Elections 2011: SNP steals show amid Lib Dem woe

 
SNP leader Alex Salmond SNP leader Alex Salmond celebrated as his party made gains at Labour's expense

The elections have been a severe disappointment for the Lib Dems, provided a measure of relief to the Tories, and served up some mixed success for Labour. But it is the SNP who have so far stolen the show.

The party is set to win a majority of the constituency seats in Scotland for the first time in its history. Meanwhile, early signs from the list vote as declared in individual constituencies suggest that it is possible that the SNP might secure an overall majority, so strong is its advance in these results as well.

A number of senior Labour figures in Scotland have lost their seats, including finance spokesman Andy Kerr and justice spokeswoman Pauline McNeill.

The Scottish Leader Iain Gray only just managed to hang on to his seat by 151 votes.

In England, however, the news has been better for Labour. In the local elections, the party is estimated by the BBC to have secured 37% of the projected national share, up 10 points on its performance in last year's local elections held on the same day as the general election.

However, it is far from clear that the party will manage to make the 1,000 gains that some have argued it ought to make in these elections.

Labour's vote has increased more rapidly in its traditional territory, such as the north of England, and seats with relatively large numbers of manual workers, rather than in the Middle England territory where it would most like to make progress and where such progress would bring a bigger yield of seat gains.

Tories steady

However, in Wales Labour has had better news and so far is performing sufficiently well in the constituency and list votes to have a prospect of winning an overall majority.

The Conservatives are so far estimated to have won 35% of the projected national share, the same as in last year's local elections.

To date, the losses of seats suffered by the party, primarily to Labour, are more or less matched by the gains it has secured from the Lib Dems.

If this pattern continues, the Conservatives can be expected to regard it as a considerable achievement after one year in office.

Meanwhile, the party has also performed creditably in Wales, where its share of the constituency vote is so far up by two points, and the party seems likely to overtake Plaid Cymru as the second largest party in the Senedd.

However, the Tory vote is down by three points in Scotland where the party looks likely to record its worst-ever performance.

But for the Lib Dems there is little sign of a silver lining. At 15%, the party's projected share of the local vote would represent its worst ever performance in local elections since its formation following the merger of the Liberals and the SDP.

Its support appears to have fallen particularly heavily in wards that it was defending together with wards that were previously held by Labour.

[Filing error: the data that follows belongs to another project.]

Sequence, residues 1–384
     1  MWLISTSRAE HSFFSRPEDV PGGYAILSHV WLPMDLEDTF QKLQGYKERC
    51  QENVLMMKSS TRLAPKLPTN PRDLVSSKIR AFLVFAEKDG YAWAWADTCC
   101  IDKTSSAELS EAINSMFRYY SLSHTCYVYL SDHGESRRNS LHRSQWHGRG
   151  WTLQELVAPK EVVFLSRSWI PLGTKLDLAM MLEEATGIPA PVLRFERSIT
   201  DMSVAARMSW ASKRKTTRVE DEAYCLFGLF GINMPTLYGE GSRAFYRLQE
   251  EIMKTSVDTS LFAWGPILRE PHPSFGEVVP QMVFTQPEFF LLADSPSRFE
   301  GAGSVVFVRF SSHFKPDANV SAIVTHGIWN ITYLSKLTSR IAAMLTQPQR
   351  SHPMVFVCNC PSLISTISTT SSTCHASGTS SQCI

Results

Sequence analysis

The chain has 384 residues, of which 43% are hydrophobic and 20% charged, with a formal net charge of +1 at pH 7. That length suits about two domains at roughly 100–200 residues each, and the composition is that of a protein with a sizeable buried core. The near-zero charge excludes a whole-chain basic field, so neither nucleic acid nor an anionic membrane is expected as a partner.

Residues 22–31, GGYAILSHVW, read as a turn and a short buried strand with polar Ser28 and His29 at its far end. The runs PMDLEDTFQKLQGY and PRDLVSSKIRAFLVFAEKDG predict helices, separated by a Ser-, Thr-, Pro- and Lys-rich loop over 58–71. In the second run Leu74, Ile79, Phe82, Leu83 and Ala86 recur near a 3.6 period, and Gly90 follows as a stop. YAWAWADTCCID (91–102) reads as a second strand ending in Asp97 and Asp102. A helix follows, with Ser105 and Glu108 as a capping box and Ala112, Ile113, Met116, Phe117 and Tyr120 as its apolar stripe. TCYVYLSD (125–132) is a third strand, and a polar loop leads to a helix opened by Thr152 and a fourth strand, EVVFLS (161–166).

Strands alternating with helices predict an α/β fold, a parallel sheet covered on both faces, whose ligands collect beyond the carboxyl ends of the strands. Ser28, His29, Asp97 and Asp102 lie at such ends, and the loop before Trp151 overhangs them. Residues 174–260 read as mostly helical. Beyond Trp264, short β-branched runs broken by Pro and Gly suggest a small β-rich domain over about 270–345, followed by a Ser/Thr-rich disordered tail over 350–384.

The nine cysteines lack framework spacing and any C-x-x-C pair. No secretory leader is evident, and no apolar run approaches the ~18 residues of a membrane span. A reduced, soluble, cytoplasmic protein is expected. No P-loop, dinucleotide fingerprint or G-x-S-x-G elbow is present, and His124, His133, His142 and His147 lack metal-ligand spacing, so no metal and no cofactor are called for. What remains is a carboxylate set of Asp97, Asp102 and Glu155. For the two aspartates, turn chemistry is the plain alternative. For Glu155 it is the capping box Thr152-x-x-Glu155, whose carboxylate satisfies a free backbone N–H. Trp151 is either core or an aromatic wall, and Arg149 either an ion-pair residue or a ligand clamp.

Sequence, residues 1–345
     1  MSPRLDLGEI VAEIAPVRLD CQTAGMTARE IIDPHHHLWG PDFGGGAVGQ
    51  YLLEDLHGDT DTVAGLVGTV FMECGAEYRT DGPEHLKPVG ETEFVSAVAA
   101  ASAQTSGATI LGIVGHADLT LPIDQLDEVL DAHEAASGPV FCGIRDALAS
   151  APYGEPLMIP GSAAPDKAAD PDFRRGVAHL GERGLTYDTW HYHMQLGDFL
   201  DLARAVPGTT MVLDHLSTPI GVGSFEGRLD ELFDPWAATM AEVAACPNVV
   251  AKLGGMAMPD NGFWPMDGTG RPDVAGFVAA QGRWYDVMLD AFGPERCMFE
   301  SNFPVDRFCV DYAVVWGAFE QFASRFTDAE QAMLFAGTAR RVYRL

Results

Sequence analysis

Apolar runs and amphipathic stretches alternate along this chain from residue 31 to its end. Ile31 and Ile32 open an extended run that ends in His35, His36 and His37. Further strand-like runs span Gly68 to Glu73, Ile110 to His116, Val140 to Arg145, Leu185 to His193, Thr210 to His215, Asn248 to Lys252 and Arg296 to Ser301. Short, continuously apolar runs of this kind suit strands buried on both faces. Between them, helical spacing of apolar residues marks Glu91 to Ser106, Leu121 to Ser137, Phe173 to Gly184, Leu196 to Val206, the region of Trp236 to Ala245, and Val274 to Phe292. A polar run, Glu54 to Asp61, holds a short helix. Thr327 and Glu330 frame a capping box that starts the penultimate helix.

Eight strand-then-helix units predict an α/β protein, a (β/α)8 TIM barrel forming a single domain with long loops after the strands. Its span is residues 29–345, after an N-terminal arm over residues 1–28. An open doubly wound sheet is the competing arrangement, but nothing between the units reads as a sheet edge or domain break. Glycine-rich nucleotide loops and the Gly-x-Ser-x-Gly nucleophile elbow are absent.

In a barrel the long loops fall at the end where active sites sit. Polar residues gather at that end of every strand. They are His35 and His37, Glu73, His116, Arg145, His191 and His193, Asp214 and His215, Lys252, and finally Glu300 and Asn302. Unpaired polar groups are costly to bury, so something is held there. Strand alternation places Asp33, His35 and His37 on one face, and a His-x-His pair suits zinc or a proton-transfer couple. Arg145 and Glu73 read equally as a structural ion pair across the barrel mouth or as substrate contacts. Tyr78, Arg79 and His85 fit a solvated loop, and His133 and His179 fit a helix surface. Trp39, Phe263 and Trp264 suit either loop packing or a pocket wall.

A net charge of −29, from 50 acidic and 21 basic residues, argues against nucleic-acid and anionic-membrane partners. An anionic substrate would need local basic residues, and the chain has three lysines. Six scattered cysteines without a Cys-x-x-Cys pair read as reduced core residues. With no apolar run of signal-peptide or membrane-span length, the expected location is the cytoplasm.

Meanwhile, the Lib Dem vote has fallen disastrously in both Scotland and Wales. At present, it is down by seven points in Scotland and by four points in Wales.

 

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  • rate this
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    Comment number 21.

    For goodness sake. About AV people voted no because the dont want their vote to be used a second time to aid some party to get in that we didnt vote for plain and simple. Why cant politicians listen to the voice of the people. Nick clegg shot himself in the foot by allowing the tories back in and now he is paying the price.

  • rate this
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    Comment number 20.

    watching the news this am,where does Theresa May get the idea the people wanted the coalition. NO I dont think so! Nicola Sturgeon hit the nail on the head when she said Nick Clegg let his voters down by allowing the Tories back in, BIG MISTAKE thats where the backlash comes from. The english people should start an english national party cause the tories will do you no favours.

  • rate this
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    Comment number 19.

    Lest we forget that only half of this country actually voted.
    Lest we forget those that died for this country to actually allow us to be able to vote.
    Lest we forget we have men and women fighting elsewhere in this world to instill democracy for others whilst we continually slap it in the face.

    Every election is the same, it's never a victory for anyone and only apathy is the true winner.

  • rate this
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    Comment number 18.

    He's a canny chap our Alex. The best of Labour head south when they need to stay up north. Wendy Alexander needs to come back as does Jim Murphy from down south. The Lib Dems need to realise that their voters are to the left on social issues and the coalition is not working. Cameron is using them as a lightning rod for the shocking policies he is introducing. Interesting times!

  • rate this
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    Comment number 17.

    And fo course in punishing Nick Clegg and the LibDems, david cameron will be able to claim that FPTP which benefits the Tories is the prefered system, and the falling of seats into their hands as an approximate balance is an endorsement of the Tory dominated coalition polices. Do you think if there was an election now the tories wouldn't walk it?

 

Comments 5 of 21

 

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